It’s no secret that sticking to a budget is hard work. Just like eating healthy and exercising properly, getting to work on time, keeping daily focus, and all the other things that require discipline, there are distractions around every corner. And while the greatest motivation is often in having a goal to work toward (a new home purchase, vacation, or ultimately, retirement), it’s all too easy to get carried away spending.
Going out for dinner after a hard day at the office is certainly a common temptation for most of us. There’s nothing better than kicking back in comfortable surroundings while everyone else does the work and waits on you hand and foot. We all need this respite sometimes, but that $50-$100 or more that you spent during an hour or two eating out could of course be going toward paying off a credit card or being put directly into a savings account. That’s no surprise, of course, and we all know what happens with all work and no play…but when this type of spending becomes a trend, you have fallen prey to the all-too-tempting pitfalls of ‘pleasure spending.’
Outlined in a recent USA Today article, pleasure spending runs rampant because so many in the US have failed to be educated on the true satisfaction to be found in buying non-essentials only after we’ve taken care of all our required business elsewhere.
“Previously, if I had $10 to spend, I’d spend $9.50 and hope I could rub the last 50 cents together to put into savings,” states author Peter Dunn in regards to unhealthy spending. “That rarely, if ever, worked. Now if I have $10, I fund my real goals first, which might take me down to $7, but then I spend that $7 without guilt or reservation.”
Call it what you want. Retail therapy. A well-deserved break. Pleasure spending. Most of us work very hard and should be able to devote a small portion of our income to making all the trouble and toil worth it. If you can balance that with a modicum of discipline, accompanied by saving and investing, you are on the right track; however, if debts are getting out of control, it’s time to rein spending habits in and take back control. Dial it back and remember how many things in life can make you happy—without spending a dime. From spending an afternoon at your favorite library to taking a walk in the woods, the list of ways to enjoy yourself for free, or at minimal expense, is endless.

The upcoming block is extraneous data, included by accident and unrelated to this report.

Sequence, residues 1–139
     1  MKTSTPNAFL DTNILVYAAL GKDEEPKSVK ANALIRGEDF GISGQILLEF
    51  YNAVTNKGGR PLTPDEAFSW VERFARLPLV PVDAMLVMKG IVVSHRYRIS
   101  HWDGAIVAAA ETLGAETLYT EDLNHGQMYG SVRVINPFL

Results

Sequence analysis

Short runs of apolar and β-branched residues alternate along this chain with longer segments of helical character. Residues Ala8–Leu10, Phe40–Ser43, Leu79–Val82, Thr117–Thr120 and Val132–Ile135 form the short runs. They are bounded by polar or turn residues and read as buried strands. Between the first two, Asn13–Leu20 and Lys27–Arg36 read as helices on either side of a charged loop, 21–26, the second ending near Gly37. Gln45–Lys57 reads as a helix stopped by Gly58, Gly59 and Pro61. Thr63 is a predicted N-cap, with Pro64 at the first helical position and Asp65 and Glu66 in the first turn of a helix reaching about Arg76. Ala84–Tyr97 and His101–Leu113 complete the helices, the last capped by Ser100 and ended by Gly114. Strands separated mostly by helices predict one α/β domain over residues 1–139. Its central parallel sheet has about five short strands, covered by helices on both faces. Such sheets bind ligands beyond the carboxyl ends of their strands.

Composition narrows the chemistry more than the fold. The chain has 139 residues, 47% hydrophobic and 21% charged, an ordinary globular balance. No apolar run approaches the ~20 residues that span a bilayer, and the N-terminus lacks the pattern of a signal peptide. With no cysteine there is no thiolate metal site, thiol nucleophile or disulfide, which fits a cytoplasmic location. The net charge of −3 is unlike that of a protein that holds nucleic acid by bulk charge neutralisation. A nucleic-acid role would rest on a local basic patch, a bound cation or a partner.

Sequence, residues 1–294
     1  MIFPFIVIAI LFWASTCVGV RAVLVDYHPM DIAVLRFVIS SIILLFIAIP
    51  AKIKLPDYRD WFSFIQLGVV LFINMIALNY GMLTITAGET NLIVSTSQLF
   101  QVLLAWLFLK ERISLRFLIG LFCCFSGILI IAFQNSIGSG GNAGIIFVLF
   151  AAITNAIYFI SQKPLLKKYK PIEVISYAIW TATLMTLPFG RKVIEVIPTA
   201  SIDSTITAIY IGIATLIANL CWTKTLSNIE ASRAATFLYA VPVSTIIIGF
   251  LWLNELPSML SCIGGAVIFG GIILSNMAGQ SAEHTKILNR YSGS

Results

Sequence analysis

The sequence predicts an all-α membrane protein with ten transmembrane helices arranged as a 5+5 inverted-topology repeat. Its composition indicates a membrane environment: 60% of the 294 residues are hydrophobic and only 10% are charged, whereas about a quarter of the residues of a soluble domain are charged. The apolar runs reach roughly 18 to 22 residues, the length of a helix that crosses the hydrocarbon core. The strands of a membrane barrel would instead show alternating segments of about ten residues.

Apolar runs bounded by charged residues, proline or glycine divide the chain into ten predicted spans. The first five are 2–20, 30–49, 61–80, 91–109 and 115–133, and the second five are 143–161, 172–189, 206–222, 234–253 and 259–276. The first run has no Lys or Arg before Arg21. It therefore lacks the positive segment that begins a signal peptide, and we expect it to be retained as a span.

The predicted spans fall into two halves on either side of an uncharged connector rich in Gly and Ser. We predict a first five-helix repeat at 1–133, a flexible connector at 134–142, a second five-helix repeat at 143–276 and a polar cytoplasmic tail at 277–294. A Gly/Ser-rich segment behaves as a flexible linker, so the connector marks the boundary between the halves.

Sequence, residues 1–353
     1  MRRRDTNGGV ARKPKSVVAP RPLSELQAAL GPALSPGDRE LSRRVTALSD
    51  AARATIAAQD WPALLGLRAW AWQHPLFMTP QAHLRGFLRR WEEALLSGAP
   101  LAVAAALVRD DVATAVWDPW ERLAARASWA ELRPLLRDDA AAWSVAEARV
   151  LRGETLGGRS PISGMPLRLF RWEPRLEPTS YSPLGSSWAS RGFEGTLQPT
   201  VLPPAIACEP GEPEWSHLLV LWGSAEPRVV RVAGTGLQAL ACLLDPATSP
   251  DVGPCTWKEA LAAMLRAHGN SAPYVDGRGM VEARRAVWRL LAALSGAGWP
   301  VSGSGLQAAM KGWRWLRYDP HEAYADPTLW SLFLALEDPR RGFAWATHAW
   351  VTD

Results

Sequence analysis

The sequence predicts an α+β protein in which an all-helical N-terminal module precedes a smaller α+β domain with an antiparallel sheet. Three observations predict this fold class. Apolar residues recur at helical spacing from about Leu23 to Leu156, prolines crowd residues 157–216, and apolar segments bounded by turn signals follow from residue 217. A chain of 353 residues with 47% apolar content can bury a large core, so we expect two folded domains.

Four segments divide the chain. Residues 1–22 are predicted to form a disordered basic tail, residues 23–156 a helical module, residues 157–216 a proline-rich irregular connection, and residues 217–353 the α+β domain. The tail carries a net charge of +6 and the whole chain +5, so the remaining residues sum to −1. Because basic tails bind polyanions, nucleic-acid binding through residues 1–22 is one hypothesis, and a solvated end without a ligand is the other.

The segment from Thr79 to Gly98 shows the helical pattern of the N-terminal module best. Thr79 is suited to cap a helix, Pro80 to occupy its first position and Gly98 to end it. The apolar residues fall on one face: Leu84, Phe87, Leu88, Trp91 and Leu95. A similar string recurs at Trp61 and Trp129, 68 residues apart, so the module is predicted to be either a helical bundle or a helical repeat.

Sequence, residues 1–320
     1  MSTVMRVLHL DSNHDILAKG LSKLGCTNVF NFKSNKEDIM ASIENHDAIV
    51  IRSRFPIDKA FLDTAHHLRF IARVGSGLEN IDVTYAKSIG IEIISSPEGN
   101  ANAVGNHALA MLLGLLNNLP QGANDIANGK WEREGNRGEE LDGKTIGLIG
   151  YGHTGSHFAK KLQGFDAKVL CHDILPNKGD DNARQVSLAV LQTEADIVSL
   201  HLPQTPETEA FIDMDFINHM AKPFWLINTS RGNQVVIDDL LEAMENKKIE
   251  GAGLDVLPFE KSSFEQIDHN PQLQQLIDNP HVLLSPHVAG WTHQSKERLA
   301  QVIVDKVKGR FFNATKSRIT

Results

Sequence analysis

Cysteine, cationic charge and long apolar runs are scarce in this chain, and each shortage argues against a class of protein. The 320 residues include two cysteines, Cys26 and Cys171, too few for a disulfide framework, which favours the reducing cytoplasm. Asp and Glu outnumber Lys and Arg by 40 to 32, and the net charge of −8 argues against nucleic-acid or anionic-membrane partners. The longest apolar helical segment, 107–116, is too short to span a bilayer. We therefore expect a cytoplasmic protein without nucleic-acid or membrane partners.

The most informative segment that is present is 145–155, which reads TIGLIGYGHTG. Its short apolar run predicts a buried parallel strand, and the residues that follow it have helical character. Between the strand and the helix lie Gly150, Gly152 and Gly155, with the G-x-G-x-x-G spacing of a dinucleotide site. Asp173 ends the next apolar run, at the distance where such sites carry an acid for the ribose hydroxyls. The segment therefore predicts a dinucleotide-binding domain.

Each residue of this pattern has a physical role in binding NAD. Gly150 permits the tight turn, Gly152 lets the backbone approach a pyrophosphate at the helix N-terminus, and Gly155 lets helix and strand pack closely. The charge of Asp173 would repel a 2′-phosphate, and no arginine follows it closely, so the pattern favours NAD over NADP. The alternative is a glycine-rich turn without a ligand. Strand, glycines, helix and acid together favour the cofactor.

With total consumer debt hovering at $12.58 trillion in the US today, business first and pleasure later is a concept many would benefit from practicing, hard as it may be to do in many cases. As the cost of living rises, however, with the average income not keeping pace, debt is often not incurred by pleasurable or luxurious spending but rather by a need to survive in the short term.
If you are concerned about debt collectors, credit card lawsuits, impending bankruptcy, or other related topics, contact Fitzgerald & Campbell, APLC. Our experienced attorneys can go over your questions and then discuss options. We are here to help! Call us today for a free consultation at (844) 431-3851, or email us at email@example.com.